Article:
|1.||(in vertebrates) the enlarged muscular saclike part of the alimentary canal in which food is stored until it has been partially digested and rendered into chymeRelated: gastric|
|2.||the corresponding digestive organ in invertebrates|
|3.||the abdominal region|
|4.||desire, appetite, or inclination: I have no stomach for arguments|
|5.||an archaic word for temper|
|6.||an obsolete word for pride|
|7.||to tolerate; bear: I can't stomach his bragging|
|8.||to eat or digest: he cannot stomach oysters|
|[C14: from Old French stomaque, from Latin stomachus (believed to be the seat of the emotions), from Greek stomakhos, from stoma mouth]|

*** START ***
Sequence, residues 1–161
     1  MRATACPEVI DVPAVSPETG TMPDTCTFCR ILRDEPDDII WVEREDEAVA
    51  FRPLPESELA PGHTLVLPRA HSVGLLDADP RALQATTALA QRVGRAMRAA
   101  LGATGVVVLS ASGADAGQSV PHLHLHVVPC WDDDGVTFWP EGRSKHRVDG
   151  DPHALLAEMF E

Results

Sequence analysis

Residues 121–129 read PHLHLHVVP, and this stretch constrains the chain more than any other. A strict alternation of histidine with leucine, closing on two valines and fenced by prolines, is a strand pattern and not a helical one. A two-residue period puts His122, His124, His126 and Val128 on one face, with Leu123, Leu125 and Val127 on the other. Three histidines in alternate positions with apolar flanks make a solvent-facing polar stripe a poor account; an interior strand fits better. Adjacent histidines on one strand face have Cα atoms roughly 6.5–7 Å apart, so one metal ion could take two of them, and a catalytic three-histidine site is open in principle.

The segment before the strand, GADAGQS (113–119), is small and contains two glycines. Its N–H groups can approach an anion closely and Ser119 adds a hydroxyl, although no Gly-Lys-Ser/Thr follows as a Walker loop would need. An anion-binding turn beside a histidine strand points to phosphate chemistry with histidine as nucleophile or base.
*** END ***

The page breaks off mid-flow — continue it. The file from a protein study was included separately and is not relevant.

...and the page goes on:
stomach stom·ach (stŭm'ək)
The enlarged saclike portion of the digestive tract between the esophagus and small intestine, lying just beneath the diaphragm.
|stomach (stŭm'ək) Pronunciation Key
An organ in the digestive system, on the left side of the body behind the lower rib cage, that receives chewed food from the esophagus. Tiny glands in the stomach's lining secrete gastric juice, which contains acids, mucus, and enzymes. This fluid, along with the muscular churning actions of the stomach, helps transform food into a thick, semifluid mass that can be passed into the small intestine for digestion.